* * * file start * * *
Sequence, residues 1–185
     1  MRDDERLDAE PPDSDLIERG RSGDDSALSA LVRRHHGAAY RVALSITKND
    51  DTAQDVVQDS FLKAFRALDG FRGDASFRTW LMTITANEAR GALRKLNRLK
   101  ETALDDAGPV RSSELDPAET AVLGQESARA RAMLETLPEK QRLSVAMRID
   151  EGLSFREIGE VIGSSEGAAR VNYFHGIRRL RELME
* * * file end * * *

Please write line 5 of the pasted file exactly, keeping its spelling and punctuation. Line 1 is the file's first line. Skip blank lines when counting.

   151  EGLSFREIGE VIGSSEGAAR VNYFHGIRRL RELME